Reading Other Peoples & your own old code

Old code is hard to read.  Even your own.  Its not uncommon 6 months down the track, to experience a bit of “what was I thinking when I wrote that?”.  Its one of the first things drummed into me by senior devs at my old work.  The best way to avoid this is to make your code as easy to understand as possible and I believe to do that you need to keep your code modules small (classes & methods) so that they are easy to test. 

But as I try to work with old code bases with long methods and classes with lots of dependencies that are sometimes difficult to test, and with shrinking deadlines to do anything about them, the messages about good practices fall by the wayside.  Its refreshing to see a blog like this, Beautiful Code: A Sense of Direction, talk about the core tennets of keeping things simple, small cohesive classes and refactorings to reduce LOC in addition to a nice example at the start that I read as even your own sh—, um, crap stinks.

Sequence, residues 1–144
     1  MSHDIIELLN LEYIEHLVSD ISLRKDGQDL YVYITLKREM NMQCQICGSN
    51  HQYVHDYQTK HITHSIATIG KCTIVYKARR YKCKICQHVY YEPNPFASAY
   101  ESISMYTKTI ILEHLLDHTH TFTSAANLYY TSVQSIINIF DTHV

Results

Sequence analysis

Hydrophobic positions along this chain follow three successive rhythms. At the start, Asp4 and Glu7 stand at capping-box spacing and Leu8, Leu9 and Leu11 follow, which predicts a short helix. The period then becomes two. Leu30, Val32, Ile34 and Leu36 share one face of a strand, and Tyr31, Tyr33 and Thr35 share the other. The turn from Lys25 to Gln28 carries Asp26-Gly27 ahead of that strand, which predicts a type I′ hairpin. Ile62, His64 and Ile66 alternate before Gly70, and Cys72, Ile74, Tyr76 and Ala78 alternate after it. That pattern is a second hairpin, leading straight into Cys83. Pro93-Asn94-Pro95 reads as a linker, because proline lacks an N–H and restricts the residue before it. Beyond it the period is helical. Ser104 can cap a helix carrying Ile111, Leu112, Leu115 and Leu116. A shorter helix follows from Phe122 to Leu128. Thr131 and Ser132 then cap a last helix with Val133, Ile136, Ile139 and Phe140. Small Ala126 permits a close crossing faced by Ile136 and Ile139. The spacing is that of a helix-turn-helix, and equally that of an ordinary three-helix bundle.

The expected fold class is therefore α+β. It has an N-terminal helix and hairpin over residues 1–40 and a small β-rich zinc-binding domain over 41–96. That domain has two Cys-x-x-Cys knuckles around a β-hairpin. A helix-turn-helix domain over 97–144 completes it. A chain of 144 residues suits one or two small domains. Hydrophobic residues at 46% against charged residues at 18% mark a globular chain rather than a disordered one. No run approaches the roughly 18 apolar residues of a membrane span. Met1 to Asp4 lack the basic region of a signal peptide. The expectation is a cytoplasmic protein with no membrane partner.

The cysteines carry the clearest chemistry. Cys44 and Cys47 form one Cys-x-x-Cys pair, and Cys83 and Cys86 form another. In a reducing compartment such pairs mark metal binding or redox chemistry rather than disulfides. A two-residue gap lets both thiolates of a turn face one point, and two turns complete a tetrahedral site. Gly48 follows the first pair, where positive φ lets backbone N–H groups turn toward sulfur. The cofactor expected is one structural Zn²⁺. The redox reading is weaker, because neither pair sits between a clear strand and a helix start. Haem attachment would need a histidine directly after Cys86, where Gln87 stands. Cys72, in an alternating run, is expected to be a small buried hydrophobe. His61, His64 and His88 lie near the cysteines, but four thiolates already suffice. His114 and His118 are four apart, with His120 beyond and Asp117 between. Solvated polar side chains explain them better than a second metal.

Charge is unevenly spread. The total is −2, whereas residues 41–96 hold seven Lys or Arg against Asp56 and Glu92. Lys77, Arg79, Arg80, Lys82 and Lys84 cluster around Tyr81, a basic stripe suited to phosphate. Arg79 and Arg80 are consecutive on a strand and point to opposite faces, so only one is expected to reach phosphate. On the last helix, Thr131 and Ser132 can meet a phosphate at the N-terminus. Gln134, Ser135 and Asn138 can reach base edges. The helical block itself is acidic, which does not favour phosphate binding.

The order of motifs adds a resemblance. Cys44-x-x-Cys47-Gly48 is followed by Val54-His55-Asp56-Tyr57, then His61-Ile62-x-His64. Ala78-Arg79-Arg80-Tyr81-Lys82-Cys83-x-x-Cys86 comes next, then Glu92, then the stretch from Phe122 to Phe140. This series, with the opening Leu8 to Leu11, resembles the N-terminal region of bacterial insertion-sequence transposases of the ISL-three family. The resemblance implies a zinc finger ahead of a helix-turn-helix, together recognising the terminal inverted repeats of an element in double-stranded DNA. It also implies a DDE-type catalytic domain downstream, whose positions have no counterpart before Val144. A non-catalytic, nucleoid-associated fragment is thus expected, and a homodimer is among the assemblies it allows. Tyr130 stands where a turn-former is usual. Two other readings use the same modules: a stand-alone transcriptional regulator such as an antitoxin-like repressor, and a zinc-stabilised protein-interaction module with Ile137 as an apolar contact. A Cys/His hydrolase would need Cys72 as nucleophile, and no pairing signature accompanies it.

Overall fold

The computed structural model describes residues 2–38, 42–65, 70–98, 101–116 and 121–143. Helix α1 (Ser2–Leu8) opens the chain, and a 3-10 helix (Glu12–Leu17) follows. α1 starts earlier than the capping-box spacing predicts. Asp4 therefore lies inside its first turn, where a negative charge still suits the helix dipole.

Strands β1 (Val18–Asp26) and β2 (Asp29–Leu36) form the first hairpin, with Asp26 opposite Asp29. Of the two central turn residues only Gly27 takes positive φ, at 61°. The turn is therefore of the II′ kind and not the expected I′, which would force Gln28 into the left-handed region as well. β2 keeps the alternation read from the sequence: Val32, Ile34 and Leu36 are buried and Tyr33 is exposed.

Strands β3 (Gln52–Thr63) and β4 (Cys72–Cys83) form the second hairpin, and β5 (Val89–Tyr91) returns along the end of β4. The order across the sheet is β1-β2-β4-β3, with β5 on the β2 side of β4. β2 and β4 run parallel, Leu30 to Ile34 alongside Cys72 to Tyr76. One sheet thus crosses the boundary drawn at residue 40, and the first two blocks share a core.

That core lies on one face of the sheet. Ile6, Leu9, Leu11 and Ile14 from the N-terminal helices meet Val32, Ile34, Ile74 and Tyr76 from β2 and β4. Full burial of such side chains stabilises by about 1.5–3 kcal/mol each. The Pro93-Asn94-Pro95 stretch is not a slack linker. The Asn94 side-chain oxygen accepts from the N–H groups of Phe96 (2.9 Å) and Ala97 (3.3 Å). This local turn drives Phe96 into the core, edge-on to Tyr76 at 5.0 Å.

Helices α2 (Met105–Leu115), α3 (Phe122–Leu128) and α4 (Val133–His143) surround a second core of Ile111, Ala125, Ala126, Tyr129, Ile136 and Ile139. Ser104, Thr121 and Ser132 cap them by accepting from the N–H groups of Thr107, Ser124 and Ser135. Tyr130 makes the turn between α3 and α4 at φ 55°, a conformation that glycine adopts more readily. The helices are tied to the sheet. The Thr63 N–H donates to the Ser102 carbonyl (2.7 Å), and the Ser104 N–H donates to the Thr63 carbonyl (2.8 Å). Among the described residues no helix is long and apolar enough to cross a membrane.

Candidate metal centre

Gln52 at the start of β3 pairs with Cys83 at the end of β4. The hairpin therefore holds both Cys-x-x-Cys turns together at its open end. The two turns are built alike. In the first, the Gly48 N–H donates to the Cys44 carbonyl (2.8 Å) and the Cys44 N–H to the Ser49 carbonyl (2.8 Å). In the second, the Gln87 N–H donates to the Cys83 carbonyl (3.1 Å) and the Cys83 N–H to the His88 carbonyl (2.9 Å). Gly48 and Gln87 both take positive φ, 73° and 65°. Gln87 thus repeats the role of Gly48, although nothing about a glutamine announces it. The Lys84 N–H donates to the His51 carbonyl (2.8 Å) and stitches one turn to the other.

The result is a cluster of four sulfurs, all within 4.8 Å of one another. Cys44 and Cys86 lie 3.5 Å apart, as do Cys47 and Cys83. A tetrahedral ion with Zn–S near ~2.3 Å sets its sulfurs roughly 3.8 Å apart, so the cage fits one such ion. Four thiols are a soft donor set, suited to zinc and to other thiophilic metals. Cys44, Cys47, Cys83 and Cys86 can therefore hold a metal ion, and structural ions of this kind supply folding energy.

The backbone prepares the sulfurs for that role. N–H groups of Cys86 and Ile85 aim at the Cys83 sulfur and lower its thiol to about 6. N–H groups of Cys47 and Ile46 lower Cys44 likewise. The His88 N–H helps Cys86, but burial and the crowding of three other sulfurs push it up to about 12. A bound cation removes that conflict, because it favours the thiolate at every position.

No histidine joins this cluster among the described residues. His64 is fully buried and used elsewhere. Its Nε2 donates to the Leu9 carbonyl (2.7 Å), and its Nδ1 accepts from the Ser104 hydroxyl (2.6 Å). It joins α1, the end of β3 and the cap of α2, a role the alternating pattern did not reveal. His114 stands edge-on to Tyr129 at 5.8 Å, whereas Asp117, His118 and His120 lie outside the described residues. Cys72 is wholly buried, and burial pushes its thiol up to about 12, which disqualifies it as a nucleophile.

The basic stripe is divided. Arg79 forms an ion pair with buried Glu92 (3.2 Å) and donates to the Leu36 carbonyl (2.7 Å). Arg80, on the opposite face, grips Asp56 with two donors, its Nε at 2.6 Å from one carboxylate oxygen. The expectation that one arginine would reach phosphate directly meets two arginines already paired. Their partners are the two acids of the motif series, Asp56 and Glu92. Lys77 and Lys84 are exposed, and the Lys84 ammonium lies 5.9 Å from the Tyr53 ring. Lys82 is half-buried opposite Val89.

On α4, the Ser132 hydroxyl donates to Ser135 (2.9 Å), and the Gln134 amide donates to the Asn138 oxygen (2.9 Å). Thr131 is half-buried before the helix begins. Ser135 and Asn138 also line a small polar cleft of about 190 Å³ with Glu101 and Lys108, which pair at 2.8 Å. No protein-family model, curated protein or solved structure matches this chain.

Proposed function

BTW, the article made reference to a site that I had come across previously but hadn’t bookmarked which appears to be a great resource on Design Patterns (and Antipatterns) and UML called